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The time is the far future, when humanity has spread to many star systems but finds itself in constant conflict with the scores of alien races who are competing for habitable planets. The Colonial Defence Forces (CDF) wage war on humanity's behalf, and have developed into a powerful organisation. They constantly recruit from Earth, but take only old people facing death who have nothing to lose; they have to declare their intention to join at age 65, and finally join up when they are ten years older. These elderly recruits don't know what to expect as no-one ever returns from the CDF; they are officially declared dead when they join.

Old Man's War is the first-person account of one such recruit, John Perry. It describes the transformation which turns him into an efficient fighting machine, his training, the friends he makes and what happens to all of them as they face the appalling death rates of combat against a varied selection of aliens.

If this plot sounds rather familiar, it is: there are strong echoes of Heinlein's Starship Troopers and Haldeman's The Forever War (both reviewed earlier this year on this blog – see the links in the review list on the left). Scalzi's book is more enjoyable and entertaining than either and I read it in two sessions, but it suffers from a lack of originality – it is too obviously derivative.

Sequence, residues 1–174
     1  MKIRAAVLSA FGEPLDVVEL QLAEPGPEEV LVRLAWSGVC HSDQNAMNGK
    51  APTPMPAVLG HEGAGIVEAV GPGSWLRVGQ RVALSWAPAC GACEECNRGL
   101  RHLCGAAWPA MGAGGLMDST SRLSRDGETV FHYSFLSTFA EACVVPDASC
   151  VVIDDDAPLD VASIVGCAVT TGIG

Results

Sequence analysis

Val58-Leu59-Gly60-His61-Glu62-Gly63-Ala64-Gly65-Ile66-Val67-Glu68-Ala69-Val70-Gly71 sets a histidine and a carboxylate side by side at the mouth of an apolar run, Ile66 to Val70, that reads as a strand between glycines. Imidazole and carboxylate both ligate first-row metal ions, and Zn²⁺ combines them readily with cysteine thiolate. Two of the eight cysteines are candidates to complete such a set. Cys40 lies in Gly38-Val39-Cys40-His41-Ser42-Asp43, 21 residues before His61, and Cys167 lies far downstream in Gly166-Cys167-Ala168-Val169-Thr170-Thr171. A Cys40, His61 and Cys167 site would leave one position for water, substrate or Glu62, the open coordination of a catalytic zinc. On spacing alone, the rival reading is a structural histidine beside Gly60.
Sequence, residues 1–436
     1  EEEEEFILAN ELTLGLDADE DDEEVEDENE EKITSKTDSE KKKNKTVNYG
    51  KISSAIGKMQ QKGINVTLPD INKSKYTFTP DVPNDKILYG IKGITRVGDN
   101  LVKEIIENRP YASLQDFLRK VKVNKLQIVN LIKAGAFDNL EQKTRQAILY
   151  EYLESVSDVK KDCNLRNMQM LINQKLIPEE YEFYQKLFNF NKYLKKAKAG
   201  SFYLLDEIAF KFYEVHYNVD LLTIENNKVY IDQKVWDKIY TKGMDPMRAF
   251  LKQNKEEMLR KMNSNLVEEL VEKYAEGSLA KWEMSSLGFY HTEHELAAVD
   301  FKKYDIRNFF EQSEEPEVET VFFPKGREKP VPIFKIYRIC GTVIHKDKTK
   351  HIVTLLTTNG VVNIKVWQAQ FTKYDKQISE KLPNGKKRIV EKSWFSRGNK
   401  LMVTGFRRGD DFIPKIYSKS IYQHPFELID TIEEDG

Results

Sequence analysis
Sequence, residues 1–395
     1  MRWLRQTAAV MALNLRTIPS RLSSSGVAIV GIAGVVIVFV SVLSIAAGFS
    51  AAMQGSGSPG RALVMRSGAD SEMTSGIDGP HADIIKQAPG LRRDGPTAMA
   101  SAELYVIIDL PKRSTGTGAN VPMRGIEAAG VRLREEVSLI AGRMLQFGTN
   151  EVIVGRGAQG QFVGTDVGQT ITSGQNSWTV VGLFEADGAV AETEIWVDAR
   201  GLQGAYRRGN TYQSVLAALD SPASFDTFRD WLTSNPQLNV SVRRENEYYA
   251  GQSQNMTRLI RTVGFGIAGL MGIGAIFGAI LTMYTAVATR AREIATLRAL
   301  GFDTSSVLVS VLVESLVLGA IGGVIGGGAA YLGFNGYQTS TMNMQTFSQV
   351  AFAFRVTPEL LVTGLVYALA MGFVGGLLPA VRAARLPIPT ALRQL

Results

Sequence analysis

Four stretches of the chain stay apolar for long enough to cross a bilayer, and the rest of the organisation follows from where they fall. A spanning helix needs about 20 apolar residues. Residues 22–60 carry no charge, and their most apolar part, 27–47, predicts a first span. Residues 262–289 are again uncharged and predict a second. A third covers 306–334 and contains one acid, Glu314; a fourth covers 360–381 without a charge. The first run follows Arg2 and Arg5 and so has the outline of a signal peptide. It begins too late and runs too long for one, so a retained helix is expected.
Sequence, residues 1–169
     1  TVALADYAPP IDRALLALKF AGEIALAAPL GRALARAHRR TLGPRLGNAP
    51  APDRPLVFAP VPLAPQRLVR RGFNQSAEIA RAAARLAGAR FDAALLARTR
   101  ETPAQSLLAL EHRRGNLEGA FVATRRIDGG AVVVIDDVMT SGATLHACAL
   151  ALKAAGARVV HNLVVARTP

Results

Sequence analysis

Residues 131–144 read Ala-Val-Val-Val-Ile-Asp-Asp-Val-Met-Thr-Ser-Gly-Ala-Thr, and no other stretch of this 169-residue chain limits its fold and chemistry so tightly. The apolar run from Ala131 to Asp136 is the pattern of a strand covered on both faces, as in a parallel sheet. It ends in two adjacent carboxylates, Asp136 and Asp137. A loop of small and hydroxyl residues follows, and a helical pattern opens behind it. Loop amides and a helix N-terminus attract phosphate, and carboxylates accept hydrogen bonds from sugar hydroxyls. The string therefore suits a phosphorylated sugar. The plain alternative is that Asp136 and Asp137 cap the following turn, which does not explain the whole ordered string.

I also had a few problems with the plot. The first ones won't mean much to you unless you've read the book: if the Ghost Brigades were so superior, why withhold their advanced capabilities from the ordinary soldiers? In fact, why bother with the ordinary soldiers at all? The other issue is a more fundamental one: nations are already developing unmanned combat planes and vehicles which have a combination of self-guidance and remote control. It is hard to imagine that in a future of advanced technology, such robotic fighting machines will not be far more efficient than sending live soldiers down to fight, however enhanced they may be.

To sum up, it's the kind of book which is fun to read but not particularly memorable. I read it because it was on the reading list for the Modern Science Fiction discussion group (ModernScienceFiction : Modern Science Fiction). There are sequels which I may read someday, but they would be way down my priority list.